and shall supersede and take precedence over any previously agreed Terms and Conditions of Business. These Terms and Conditions of Business are hereby incorporated into and form part of the Consignment Agreement entered into by the Auction House and the Consignor. Expenses, including expenses due from a defaulting Buyer; 11. BUYER ’S PREMIUM The Buyer’s Premium is the amount paid by the Buyer to the Auction House on the purchase of a Lot, that is calculated on the Hammer Price, at the rate of seventeen percent (17%) of the Hammer Price of the Lot, plus applicable Sales Tax; 12. SALES TAX Sales Tax means the Federal and Provincial sales and excise taxes applicable in the jurisdiction of sale of the Lot; 13. R EGISTERED BIDDER A Registered Bidder is a bidder who has fully completed the registration process, provided the required information to the Auction House and has been assigned a unique paddle number for the purpose of bidding on Lots in the auction; 14. P ROCEEDS OF SALE The Proceeds of Sale are the net amount due to the Consignor from the Auction House, which shall be the Hammer Price less commission at the Published Rates and Expenses and any other amounts due to the Auction House or associated companies; 15. L IVE AND ONLINE AUCTIONS These Terms and Conditions of Business apply to all live and online auction sales conducted by the Auction House. For the purposes of online auctions, all references to the Auctioneer shall mean the Auction House and Knocked Down is a literal reference defining the close of the auction sale.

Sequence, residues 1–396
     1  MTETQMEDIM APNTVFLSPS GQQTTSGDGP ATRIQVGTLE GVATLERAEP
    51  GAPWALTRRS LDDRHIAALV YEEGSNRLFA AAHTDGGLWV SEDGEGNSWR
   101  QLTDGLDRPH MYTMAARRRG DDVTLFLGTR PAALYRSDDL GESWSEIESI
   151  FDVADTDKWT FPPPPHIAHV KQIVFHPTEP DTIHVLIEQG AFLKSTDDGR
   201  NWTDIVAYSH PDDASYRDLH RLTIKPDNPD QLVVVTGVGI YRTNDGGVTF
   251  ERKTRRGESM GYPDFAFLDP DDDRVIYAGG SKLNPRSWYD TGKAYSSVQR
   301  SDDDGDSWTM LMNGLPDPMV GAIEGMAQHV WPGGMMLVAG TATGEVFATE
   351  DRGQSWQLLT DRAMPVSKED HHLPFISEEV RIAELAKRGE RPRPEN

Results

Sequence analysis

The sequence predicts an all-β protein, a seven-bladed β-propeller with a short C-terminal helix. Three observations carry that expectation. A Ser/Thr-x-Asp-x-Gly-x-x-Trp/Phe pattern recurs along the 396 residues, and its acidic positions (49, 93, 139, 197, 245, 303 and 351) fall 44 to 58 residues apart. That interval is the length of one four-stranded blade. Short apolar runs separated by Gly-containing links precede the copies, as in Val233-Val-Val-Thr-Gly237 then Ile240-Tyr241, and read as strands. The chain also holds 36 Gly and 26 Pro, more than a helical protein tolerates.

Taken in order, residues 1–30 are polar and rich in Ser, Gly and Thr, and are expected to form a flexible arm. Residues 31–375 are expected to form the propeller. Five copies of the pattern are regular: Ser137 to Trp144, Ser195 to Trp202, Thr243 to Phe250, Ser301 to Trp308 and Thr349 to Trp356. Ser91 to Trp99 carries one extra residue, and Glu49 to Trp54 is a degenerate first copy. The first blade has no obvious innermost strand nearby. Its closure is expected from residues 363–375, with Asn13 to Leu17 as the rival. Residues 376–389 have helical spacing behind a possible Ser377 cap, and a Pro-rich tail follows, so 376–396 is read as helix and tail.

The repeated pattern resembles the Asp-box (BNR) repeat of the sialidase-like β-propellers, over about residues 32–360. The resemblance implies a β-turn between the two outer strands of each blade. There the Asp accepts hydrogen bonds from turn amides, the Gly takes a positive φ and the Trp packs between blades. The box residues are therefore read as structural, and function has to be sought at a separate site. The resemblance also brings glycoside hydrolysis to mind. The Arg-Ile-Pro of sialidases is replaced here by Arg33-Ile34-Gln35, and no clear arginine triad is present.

B. THE BUYER: 1. T HE AUCTION HOUSE The Auction House acts solely as agent for the Consignor, except as otherwise provided herein.

8. HAMMER P RICE The Hammer Price is the price at which the Auctioneer has Knocked Down the Lot to the Buyer;

2. T HE BUYER a) The highest Registered Bidder acknowledged by the Auctioneer as the highest bidder at the time the Lot is Knocked Down;